(By the way, 70 years of Communist indoctrination in Soviet schools disappeared without leaving a trace. It might be worthwhile for Education Minister Limor Livnat and all the other Bolsheviks in our government, who believe that the schools can "instill ideological values", to ponder this fact.)

The million immigrants from the former Soviet Union are a part of this Russia. Like all new immigrants, they bring with them the world-view that they have absorbed in their former homeland and apply it automatically in their new surroundings. Greater Israel instead of Great Russia, Arabs instead of Uzbeks and Tartars - everything is the same.

At meetings of the far right, these Russian meet American settlers, who come with myths of the Wild West. In their eyes, , the Arabs equal the Red Indians and the settlers are the white pioneers. For them, too - everything is the same.

Trouble is, the "Russians" may decide the fate of the nation in future elections as they already have in the past.

However, nationalism is not the only component of the "Russian soul". There is also a profound longing for peace ("mir"), born of the memories of the murderous Nazi invasion, and perhaps of the Napoleonic war. There is also a deep antipathy to religious coercion, especially on the part of the hundreds of thousands of Christians who came here under the "Law of Return". All these tendencies are fighting each other in the hearts of the new immigrants, and the Israeli New Left can influence the outcome.

The Israeli cocktail contains a million religious people of all shades, almost all of them, right-wing. There are a million Arab citizens, almost all of them left-wing. We must not, under any circumstances, resign ourselves to the addition of a million "Russians" to the rightist camp. We must battle for their souls.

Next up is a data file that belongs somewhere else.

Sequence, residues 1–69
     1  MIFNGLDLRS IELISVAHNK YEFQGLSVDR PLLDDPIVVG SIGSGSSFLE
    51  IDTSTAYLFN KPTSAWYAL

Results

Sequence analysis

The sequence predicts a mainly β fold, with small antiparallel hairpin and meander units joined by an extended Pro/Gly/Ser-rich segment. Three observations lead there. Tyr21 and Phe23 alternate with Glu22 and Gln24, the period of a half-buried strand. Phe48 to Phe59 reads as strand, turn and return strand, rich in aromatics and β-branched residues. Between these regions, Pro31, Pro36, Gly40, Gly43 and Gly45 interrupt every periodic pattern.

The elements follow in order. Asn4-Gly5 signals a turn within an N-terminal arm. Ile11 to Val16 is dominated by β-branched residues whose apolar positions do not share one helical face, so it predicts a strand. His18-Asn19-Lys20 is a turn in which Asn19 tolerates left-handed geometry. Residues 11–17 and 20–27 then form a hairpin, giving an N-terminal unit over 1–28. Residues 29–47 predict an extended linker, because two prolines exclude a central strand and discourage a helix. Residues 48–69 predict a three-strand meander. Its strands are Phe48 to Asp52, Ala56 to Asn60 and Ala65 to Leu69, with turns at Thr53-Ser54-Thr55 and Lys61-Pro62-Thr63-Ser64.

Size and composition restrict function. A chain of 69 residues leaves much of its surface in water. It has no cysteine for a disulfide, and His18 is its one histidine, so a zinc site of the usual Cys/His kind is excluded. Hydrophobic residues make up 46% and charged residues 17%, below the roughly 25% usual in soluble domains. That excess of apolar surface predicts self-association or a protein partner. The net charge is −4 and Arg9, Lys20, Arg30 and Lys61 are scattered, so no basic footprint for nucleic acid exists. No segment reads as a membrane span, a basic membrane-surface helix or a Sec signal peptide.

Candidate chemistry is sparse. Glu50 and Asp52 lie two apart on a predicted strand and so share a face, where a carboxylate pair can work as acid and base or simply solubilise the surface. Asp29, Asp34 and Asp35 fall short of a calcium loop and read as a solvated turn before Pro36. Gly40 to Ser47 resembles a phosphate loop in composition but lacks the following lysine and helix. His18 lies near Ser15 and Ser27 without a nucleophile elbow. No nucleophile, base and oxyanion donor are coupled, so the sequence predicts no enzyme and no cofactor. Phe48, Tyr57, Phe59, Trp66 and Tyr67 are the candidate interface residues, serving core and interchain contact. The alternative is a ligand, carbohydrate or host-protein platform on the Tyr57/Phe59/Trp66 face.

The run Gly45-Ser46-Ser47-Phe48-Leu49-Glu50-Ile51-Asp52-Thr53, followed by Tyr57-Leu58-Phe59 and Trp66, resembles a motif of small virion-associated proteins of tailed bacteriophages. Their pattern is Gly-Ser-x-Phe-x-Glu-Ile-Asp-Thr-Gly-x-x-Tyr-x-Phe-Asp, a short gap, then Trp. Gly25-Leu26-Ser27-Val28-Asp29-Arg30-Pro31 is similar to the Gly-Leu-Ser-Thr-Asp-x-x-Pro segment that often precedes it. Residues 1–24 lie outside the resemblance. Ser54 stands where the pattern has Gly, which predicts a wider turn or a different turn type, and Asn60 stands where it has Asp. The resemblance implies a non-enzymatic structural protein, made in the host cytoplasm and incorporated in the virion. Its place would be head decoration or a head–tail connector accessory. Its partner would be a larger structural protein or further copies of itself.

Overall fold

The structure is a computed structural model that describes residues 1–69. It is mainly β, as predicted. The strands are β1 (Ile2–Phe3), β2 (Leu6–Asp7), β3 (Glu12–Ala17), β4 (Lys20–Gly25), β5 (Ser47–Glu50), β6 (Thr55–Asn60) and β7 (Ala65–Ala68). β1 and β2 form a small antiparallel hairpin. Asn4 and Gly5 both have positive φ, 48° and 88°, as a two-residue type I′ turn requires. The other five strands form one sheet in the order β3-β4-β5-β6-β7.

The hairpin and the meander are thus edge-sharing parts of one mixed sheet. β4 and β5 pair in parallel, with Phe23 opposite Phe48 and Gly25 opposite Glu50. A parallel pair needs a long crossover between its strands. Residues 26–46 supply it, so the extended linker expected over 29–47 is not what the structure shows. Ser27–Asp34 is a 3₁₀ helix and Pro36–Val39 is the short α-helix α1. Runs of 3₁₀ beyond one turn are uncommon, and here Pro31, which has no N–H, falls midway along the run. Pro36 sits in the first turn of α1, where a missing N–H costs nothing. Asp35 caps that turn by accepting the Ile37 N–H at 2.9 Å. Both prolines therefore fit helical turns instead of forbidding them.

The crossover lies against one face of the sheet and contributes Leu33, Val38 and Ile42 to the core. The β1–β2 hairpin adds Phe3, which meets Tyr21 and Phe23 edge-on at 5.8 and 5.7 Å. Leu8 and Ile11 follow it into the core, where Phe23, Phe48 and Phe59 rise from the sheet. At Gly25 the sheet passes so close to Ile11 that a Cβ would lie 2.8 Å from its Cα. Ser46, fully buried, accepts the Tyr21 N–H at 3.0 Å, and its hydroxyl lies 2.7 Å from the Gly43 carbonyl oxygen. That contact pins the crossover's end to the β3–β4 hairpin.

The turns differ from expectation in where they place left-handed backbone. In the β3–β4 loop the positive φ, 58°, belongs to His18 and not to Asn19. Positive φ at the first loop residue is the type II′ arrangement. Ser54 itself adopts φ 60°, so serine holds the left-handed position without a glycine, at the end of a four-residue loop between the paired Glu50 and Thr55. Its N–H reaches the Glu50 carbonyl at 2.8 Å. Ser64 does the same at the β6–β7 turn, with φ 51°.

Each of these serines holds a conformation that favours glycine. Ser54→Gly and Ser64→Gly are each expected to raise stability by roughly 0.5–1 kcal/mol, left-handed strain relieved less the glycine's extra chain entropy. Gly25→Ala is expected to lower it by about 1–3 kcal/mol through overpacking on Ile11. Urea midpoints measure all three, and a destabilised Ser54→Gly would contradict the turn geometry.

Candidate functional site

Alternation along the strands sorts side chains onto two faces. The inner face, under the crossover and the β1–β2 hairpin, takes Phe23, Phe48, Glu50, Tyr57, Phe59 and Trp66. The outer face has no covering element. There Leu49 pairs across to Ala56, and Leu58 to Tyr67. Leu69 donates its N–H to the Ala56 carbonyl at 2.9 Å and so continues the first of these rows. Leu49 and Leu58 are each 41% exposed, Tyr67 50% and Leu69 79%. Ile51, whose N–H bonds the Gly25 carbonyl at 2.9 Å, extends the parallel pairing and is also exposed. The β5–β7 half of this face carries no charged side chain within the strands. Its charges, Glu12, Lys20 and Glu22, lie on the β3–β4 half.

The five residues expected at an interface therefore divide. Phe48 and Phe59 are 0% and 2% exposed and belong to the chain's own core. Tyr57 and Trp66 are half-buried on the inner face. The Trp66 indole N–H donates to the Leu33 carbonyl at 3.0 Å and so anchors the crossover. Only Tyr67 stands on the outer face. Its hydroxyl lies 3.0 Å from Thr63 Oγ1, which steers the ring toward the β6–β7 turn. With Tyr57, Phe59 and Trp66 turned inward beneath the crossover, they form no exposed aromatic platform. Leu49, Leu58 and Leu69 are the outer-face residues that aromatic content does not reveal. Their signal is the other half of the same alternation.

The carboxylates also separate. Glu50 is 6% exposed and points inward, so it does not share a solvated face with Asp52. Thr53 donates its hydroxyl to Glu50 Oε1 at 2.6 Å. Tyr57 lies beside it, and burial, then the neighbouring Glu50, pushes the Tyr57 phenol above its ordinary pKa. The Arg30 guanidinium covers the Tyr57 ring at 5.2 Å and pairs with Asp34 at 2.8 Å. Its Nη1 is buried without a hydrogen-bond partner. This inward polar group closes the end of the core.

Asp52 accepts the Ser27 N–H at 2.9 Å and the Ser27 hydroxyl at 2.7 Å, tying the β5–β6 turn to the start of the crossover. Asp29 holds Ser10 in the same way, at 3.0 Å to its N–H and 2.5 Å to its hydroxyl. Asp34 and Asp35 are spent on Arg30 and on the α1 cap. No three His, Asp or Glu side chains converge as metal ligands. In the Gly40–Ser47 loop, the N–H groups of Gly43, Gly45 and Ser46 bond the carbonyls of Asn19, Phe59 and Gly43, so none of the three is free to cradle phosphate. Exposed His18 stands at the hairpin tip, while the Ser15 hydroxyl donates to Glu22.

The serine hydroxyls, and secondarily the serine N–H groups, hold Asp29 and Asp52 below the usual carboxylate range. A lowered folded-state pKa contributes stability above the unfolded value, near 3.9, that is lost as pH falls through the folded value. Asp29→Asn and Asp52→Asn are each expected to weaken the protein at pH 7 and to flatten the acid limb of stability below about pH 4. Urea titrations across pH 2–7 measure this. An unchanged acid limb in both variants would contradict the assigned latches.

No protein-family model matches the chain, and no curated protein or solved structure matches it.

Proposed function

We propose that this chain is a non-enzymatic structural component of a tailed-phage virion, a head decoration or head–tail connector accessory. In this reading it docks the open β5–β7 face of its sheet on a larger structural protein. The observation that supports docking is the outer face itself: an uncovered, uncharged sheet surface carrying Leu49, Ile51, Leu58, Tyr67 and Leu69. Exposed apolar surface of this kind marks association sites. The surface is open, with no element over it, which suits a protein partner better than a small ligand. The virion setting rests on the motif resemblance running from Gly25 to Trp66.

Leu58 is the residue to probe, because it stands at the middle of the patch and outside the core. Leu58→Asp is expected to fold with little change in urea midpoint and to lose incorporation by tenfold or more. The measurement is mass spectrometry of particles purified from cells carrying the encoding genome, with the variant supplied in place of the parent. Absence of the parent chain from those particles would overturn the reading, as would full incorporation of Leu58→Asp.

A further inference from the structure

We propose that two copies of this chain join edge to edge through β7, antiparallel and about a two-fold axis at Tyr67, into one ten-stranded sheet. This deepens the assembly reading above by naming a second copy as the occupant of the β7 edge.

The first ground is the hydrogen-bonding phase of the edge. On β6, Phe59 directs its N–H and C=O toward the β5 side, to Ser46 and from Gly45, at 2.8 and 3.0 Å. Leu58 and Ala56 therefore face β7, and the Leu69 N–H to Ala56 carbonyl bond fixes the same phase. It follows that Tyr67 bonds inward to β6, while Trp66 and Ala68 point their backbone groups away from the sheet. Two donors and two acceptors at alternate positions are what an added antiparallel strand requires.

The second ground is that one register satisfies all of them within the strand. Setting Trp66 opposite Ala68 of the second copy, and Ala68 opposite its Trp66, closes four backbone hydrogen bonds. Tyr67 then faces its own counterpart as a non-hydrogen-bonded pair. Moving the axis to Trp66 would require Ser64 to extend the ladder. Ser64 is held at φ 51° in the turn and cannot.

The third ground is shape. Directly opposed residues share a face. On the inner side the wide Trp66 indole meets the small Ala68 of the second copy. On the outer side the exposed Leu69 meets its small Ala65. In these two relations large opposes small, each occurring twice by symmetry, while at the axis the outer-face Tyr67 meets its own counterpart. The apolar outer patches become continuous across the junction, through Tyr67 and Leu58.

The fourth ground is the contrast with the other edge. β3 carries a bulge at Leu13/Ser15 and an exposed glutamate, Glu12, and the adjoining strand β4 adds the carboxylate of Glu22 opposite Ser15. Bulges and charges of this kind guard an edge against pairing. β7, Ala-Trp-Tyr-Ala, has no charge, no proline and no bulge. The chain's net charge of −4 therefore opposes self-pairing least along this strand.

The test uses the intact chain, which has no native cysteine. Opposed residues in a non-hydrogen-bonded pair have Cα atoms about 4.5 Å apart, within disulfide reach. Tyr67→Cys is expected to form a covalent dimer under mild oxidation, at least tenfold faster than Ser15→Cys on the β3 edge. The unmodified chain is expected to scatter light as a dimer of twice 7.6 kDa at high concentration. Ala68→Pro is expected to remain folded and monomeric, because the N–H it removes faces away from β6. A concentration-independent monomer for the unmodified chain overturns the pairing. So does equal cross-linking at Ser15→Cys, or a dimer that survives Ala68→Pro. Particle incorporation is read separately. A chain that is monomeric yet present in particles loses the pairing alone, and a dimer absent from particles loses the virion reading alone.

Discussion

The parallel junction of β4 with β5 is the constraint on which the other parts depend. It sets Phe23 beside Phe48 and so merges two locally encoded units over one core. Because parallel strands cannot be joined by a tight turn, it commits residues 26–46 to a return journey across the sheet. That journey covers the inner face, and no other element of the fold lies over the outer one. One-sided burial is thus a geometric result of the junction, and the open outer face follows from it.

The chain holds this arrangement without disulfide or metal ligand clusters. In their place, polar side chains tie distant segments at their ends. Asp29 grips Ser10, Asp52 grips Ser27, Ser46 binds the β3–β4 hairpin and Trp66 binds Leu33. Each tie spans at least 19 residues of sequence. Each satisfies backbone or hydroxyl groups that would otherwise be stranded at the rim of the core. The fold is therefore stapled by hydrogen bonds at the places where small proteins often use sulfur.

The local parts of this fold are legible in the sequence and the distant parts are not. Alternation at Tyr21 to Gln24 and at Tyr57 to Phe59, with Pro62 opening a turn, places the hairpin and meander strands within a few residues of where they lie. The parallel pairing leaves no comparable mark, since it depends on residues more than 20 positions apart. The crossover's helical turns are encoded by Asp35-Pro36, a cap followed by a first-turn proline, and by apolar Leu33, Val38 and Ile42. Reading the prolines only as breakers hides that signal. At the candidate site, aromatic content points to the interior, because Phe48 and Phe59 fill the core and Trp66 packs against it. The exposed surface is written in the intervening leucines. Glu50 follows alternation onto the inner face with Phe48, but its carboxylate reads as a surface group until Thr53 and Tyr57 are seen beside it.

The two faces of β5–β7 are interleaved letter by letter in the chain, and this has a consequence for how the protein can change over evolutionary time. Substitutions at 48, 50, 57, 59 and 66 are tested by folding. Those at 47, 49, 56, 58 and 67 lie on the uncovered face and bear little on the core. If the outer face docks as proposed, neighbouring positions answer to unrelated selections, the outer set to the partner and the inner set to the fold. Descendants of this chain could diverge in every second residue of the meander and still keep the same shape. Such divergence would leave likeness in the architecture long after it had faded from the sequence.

The sea is the same sea, but we are not condemned to be the new Crusaders, creating the situation for the appearance of a new Saladin.


Uri Avnery is a journalist, peace activist, former member of the Knesset, and leader of Gush Shalom, the most militant part of the Israeli peace movement.

  Topics: Christianity, Crusades, Judaism, Occupation, Yitzhak Shamir
Views: 1282

Related Suggestions

The opinions expressed herein, through this post or comments, contain positions and viewpoints that are not necessarily those of IslamiCity. These are offered as a means for IslamiCity to stimulate dialogue and discussion in our continuing mission of being an educational organization. The IslamiCity site may occasionally contain copyrighted material the use of which may not always have been specifically authorized by the copyright owner. IslamiCity is making such material available in its effort to advance understanding of humanitarian, education, democracy, and social justice issues, etc. We believe this constitutes a 'fair use' of any such copyrighted material as provided for in section 107 of the US Copyright Law.

In accordance with Title 17 U.S.C. Section 107, and such (and all) material on this site is distributed without profit to those who have expressed a prior interest in receiving the included information for research and educational purposes.